Blog resource links

Here are a couple of starting points:

Blog hosting

Three possibilities:

  1. Sign up with a hosted service such as WordPress.com, Typepad or Vox (fastest cos it takes all of 5 mins).
  2. Sign up with a webspace provider that already includes blog software in their package.
  3. Sign up with a webspace provider that offers PHP 4.x or later and MySQL and install WordPress on your own.

WordPress.org documentation:

Installing WordPress on your own server

The install documentation covers most setups. Installing a local copy using XAMPP or MAMP is useful especially during the design phase.

Other useful WordPress.org docs:

Importing content from other blogs.

Posting entries by email. As mentioned during the talk I set up a cronjob on my server, which checked at regular intervals if there was any email to post.

Templates galore:

As mentioned, setting up WordPress is fast, finding the right design theme will take a little bit longer… cos there are so many out there.

I like Scott’s collection of minimal designs.

My advice: get a theme which offers the structure you’re loooking for and then customize the CSS file.

Flickery goodness:

I cross-link to Flickr to add pictures to my blog, but you can also upload files and photos directamente into WordPress. Please note: you’ll need to resize for the web and your layout. I’m lazy: I use Flickr and Quickr Pickr.

You can also set up Flickr to post pics directly to your blog. Within Flickr, go to Your Account > Extending Flickr . Click edit in the section labelled Your Blogs and follow the instructions displayed.

Here’s an advanced user guide for Flickr, describing how you can post pics per email, etc.

On commenting:

All comments at this site land in the moderation queue and I check the queue once a day. I don’t always reply or write back immediately. As you’ll probably notice in the next few weeks, sometimes I don’t have the time. But if I do, I’ll usually reply online at the source – in my blog, if it’s a comment on my site, or if it’s a trackback, i’ll go see their post and add a comment in their blog.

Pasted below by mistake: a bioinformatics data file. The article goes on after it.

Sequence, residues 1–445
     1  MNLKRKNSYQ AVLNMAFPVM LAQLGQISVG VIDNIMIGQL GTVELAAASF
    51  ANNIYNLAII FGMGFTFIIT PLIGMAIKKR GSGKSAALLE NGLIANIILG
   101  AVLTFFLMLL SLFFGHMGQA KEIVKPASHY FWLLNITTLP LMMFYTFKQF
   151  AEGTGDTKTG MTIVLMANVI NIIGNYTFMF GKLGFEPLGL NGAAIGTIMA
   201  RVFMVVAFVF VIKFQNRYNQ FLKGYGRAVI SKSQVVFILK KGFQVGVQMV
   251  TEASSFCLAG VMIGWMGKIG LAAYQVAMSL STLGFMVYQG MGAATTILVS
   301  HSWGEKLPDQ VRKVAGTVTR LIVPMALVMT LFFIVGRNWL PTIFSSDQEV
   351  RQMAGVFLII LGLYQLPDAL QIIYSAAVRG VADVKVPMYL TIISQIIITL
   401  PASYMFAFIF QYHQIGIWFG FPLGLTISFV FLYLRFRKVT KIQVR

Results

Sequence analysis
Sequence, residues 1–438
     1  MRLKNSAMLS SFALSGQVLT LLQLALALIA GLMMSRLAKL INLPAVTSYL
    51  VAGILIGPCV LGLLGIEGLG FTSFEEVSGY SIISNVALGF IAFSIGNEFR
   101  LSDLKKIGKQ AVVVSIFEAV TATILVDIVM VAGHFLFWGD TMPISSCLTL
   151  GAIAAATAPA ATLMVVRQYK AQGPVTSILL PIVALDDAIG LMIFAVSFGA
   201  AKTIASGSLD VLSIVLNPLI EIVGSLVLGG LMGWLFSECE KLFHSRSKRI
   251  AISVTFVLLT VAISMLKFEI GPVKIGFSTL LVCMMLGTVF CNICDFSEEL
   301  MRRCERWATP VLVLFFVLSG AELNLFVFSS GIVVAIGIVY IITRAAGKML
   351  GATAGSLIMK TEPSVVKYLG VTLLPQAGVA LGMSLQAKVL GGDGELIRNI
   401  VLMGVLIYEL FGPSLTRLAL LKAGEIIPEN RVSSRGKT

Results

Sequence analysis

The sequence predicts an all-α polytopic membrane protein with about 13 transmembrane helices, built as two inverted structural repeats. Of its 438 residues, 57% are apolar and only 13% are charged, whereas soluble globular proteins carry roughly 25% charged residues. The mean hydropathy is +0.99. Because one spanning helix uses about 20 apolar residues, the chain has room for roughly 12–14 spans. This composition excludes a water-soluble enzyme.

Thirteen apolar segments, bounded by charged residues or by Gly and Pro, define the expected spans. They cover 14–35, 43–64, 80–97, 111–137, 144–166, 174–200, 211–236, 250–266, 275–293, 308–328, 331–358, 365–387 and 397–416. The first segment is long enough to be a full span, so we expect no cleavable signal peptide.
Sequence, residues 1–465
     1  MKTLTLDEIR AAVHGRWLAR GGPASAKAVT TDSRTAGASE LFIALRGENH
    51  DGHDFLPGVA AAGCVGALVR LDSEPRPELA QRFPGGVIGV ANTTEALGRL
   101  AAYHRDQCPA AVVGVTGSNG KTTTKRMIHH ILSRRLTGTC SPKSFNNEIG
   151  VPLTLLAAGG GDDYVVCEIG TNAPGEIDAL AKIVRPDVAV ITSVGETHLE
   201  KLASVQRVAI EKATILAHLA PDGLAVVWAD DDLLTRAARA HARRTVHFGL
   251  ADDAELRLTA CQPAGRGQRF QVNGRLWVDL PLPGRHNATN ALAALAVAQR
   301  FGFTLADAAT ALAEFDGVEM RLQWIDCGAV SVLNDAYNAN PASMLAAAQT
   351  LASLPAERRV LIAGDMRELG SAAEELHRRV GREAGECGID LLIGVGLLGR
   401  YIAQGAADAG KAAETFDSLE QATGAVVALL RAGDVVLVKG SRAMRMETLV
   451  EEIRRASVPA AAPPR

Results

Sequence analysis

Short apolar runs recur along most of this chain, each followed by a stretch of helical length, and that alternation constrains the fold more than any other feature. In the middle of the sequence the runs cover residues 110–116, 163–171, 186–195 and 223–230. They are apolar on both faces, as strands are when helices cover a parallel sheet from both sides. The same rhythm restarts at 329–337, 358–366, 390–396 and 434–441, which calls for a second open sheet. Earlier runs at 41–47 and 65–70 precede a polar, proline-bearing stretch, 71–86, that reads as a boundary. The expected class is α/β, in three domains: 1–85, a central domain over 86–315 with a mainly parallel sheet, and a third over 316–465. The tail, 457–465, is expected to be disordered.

I think the main point you need to get across is that you reserve the right to edit or delete comments. This is especially important if you’re moving into business blogging.

There’s the Lifehacker’s guide to commenting to refer to.

Commenting is a way to increase traffic and expand your network.

And remember to activate Akismet or other comment spam plugins.

RSS feeds:

Every WordPress blog offers a feed for entries and a feed for comments. At Chip this is:

http://www.chiperoni.ch/wordpress/feed/

http://www.chiperoni.ch/wordpress/comments/feed/

Again, there are numerous RSS feed readers. And your choice of reader will depend on your personal reading preferences. I use the newsfeeds reader included within Opera. Thunderbird also includes a feed reader per default. And there are numerous feed readers for FireFox. Please note: some media news feeds (e.g. BBC) send out entires every minute and will easily swamp you.

More high-level infos on the concept of RSS are available in this Wikipedia article.

Further background links:

The Corporate Weblog Manifesto by Scobleizer

Ten Tips For A Better Weblog

How To Blog And Not Lose Your Job

😉

The slides

Here are the slides of my talk that I just held at the STC Transalpine Chapter Conf:

They’re very minimal and short… but over time I’ve collected a lot of examples at the back of my head so that I easily managed to fill the 1 hour slot. The online demo worked well with the mobile access card I had (big relief). A little slower than WLAN but ok.

I’ll post a list of online resources on blogging, RSS feeds, and WordPress sometime soon.

A couple of complimentary links:

Buon weekend,
nchenga

Blogging for Content Developers

At an undisclosed location in the very near future, the editor of this beautiful blog will be holding a talk on a high-flying topic yet to be prepared.

Blogging for Content Developers

I’ve decided to give this whole project a jump-start by writing down the outline in my blog… because getting started is always the hard part. The audience will be technical writers and communicators, but I don’t know how many of them are into blogging. I think, I’ll start with some questions like:

  • Who’s got a blog?
  • Who is taking care of a work blog (either internally or externally)?
  • Who is planning to set up a blog?
  • Who started a blog but gave up after some time?

2nd Section: Why blog?